By growing the network and critical mass of agroecological food growers, and so enhancing shorter supply chains, there will be greater potential for innovative and more environmentally and socially conscious alternative food systems. This includes access to affordable, healthy food, reducing our over-reliance on global food trade and protecting the planet, including cutting carbon emissions and soil protection.
Farmstarts allow new entrants to overcome initial barriers – e.g. lack of access to land, capital and training – to becoming farmers and so aligns with the UK government’s commitment to Levelling Up. This can mean more resilient livelihoods, enterprise and entrepreneurship, and decent incomes for young people in farming. At a societal level, making farming a more attractive economic activity, even at smaller scales, can be highly productive and part of wider demands for food sovereignty, land justice, reclaiming the commons and empowering local communities.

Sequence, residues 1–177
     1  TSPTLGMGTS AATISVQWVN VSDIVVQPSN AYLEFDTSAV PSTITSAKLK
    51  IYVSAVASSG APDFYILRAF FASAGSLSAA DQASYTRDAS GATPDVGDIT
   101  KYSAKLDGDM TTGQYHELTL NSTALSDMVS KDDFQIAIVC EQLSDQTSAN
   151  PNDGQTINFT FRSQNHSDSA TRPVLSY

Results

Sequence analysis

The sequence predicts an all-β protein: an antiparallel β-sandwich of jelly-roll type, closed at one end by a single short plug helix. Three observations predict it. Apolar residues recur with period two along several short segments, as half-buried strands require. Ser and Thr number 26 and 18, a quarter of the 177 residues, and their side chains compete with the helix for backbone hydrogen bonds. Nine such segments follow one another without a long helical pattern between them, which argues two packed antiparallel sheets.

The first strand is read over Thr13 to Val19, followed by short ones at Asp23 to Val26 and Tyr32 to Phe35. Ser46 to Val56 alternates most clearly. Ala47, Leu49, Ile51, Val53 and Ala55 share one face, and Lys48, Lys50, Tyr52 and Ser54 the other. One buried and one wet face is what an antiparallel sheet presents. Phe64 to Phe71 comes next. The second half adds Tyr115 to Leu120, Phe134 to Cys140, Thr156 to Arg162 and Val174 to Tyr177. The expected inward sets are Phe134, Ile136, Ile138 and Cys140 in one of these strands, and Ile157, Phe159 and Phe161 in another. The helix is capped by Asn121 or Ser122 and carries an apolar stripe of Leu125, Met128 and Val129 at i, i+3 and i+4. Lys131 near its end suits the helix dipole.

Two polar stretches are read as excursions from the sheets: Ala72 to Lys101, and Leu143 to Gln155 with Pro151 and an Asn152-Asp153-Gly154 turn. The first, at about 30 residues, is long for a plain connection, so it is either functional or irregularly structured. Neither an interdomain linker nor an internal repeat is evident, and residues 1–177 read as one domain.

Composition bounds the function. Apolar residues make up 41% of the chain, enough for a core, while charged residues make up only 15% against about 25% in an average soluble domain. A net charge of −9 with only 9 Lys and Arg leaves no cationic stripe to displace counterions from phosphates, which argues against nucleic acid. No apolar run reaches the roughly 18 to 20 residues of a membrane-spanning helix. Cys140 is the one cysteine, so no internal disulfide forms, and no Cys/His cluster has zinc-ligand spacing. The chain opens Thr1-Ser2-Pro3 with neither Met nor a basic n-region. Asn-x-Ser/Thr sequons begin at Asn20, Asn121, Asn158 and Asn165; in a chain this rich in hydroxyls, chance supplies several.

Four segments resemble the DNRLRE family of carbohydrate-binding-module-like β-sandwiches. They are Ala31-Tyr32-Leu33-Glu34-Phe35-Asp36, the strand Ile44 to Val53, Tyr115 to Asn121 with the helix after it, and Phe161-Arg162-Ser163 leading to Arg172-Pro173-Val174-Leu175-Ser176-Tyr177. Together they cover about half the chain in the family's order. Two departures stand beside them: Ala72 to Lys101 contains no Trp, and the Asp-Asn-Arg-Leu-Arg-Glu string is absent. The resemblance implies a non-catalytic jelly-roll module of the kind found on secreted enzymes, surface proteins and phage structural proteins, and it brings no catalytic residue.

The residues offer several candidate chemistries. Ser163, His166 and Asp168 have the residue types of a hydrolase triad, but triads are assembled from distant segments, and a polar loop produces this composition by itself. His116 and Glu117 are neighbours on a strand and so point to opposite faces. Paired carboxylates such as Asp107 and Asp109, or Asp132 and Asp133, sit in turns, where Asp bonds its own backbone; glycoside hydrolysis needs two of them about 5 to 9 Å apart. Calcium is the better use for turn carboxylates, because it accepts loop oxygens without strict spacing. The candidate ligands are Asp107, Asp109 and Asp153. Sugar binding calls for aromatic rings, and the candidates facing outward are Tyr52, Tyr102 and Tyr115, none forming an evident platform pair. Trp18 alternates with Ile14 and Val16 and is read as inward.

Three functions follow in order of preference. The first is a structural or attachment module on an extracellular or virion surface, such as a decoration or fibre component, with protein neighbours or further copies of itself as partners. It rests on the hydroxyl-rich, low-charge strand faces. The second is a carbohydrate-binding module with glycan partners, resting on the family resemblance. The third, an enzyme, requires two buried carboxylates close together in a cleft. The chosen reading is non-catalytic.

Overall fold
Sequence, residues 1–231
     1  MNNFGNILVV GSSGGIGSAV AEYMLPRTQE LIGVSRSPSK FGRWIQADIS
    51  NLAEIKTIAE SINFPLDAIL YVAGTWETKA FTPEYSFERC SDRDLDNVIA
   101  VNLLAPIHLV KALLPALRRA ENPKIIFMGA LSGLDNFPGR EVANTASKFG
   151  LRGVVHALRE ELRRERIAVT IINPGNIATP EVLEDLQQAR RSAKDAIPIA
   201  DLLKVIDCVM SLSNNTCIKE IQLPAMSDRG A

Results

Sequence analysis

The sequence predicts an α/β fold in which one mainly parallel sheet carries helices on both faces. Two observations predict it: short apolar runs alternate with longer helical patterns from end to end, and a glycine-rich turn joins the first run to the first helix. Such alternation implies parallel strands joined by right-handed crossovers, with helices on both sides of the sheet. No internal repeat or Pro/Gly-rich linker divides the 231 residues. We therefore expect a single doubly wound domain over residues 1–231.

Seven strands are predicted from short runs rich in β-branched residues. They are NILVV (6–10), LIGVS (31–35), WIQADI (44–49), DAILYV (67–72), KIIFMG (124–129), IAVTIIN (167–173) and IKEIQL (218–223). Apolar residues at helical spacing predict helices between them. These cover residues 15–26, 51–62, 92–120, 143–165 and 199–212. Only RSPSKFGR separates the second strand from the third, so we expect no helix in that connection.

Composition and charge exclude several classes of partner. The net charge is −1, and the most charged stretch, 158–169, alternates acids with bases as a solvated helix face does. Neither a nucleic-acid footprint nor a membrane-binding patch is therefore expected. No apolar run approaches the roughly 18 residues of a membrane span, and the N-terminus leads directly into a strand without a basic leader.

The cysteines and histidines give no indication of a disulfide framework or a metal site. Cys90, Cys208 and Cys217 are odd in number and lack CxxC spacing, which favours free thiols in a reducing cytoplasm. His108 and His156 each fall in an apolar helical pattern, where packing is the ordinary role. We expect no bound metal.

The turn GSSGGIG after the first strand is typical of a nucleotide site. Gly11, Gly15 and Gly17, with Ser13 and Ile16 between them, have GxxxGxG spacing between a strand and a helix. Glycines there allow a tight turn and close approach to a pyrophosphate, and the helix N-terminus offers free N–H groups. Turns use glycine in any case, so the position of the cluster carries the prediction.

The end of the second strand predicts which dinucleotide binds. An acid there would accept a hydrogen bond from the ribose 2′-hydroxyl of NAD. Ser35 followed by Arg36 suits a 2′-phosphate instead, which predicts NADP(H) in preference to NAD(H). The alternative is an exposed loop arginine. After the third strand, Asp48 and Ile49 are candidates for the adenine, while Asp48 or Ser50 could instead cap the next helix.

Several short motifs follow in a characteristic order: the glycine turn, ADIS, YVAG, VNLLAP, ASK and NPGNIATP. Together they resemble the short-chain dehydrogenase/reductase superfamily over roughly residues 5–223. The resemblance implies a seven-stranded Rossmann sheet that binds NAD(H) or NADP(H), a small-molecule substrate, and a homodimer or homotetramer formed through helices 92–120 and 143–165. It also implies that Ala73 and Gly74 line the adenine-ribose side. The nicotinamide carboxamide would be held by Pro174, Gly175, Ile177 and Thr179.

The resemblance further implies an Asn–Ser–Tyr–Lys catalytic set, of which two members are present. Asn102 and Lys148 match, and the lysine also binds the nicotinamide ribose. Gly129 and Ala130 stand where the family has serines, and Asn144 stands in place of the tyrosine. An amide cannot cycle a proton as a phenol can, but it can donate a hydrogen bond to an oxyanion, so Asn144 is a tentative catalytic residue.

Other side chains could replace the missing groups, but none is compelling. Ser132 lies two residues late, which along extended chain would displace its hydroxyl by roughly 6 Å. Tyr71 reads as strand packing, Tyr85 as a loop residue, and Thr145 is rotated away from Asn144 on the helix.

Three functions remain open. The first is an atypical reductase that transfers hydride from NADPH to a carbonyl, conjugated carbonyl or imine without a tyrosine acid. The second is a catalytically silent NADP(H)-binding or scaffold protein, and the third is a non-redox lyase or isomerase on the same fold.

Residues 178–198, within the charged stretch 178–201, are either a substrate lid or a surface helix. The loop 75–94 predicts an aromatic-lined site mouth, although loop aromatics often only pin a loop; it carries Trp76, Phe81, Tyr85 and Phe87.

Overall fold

Published 20 Jun 2022
Fringe Farming: The Fringe Farming project is a collaboration with partners across the UK to understand barriers, identify land opportunities and local actions, and develop national policy to enable agroecological farming at the edge of cities as part of a green economic recovery.
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Aryo is the Peri-Urban Farming Officer at Sustain. His aim is to grow the movement for agroecological food production at city fringes across the UK, both nationally and at a local level: currently, in Bristol, London, Cardiff, Sheffield and Glasgow.